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ARLINGTON, Va. — The Army is hoping to jump-start sagging summer recruiting efforts by offering a $20,000 bonus to any recruit willing to ship out within 30 days.

The “Quick Shipper” bonus is open to any recruit, regardless of which Army job he agrees to take, according to Lt. Col. Darryl Darden, a spokesman for Army personnel issues in the Pentagon.

The bonus is in effect only until the end of September, Darden told Stripes on Tuesday, and is available only to active-duty recruits.

Soldiers won’t collect any of the cash until they reach their first permanent duty station — after they complete basic training and their advanced individual training school.

At that point, they get $10,000, Darden said. The rest of the money will be paid out in annual installments over the lifetime of the soldier’s contract, however long that may be.

Soldiers typically sign up for four-year hitches, but sign-up bonuses are larger for those who are willing to commit for six years. And training seats in schools for some highly sought-after jobs (Military Occupational Specialties, MOSs, in Army- speak) are easier to secure — or only available — for recruits signing up for six years.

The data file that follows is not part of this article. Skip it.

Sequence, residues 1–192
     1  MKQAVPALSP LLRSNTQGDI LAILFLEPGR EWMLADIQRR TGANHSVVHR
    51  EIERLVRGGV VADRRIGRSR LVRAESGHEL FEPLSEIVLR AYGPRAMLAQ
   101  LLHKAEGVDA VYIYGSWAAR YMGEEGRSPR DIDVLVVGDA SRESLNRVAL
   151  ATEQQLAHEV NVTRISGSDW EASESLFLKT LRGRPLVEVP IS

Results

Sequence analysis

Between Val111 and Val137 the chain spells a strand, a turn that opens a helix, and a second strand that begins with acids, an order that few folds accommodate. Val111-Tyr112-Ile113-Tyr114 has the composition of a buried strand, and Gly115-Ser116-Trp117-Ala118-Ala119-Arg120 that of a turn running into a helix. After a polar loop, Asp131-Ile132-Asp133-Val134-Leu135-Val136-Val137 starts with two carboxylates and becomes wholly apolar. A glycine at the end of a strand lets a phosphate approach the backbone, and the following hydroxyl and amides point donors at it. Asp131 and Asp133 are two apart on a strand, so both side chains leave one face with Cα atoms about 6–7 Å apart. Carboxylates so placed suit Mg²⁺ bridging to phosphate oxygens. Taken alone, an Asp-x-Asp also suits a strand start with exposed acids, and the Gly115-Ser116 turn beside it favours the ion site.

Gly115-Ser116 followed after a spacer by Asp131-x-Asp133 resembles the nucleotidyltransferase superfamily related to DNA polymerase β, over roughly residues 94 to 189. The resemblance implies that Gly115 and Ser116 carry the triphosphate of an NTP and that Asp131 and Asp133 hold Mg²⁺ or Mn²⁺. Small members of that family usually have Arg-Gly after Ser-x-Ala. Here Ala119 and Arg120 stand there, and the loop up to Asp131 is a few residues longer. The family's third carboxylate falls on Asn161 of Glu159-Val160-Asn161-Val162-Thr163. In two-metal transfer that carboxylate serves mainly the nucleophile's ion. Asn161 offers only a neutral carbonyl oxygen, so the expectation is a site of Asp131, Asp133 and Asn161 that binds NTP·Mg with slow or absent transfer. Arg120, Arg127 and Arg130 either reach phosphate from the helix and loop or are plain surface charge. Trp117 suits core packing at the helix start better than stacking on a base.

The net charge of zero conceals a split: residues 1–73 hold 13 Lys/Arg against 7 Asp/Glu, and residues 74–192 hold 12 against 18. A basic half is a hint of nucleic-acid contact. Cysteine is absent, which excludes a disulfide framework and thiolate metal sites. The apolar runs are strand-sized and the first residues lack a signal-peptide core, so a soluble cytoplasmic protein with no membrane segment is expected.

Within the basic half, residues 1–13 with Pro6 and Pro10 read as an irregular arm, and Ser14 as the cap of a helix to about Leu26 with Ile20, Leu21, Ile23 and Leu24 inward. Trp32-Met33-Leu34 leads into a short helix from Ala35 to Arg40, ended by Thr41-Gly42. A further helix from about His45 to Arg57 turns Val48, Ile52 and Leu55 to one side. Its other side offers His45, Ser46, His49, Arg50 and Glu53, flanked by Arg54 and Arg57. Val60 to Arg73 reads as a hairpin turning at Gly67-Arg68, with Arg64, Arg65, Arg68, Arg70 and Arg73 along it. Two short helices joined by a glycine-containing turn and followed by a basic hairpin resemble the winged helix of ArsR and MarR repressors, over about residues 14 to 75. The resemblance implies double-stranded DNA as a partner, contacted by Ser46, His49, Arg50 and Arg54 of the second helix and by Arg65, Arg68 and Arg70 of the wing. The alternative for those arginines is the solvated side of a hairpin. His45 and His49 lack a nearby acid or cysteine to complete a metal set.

The Quick Shipper bonus went into effect July 25, Darden said. A similar bonus that paid up to $15,000 existed before this bonus began, he said, but that money was also tied to MOSs: Recruits had to agree to sign up for jobs the Army needs soldiers to man, as well as ship out within 30 days, to get a bonus that ranged from $5,000 to $15,000.

Darden told Stripes it “will probably take about a week” before recruiters begin to get a sense of whether the bonus is appealing to potential recruits.

The Army’s recruiting goal for the year is 80,000 active-duty soldiers, the same as in the past two years, which the service achieved despite the continuing pressures of the wars in Iraq and Afghanistan.

However, despite the service’s efforts to add recruiters and bonus money to sweeten the pot, cracks are beginning to show. In May, the Army failed to meet its recruiting goals for the first time in two years. Recruiters missed their goals by 7 percent.

Not only was it the second month in a row they missed target, perhaps more ominous for recruiters: June’s shortfall was 15 percent more than twice the May figure.

Moreover, the late spring and early summer months, when seniors graduate and the realities of the local job market begin to hit home, have in the past traditionally been strongest for military recruiters.

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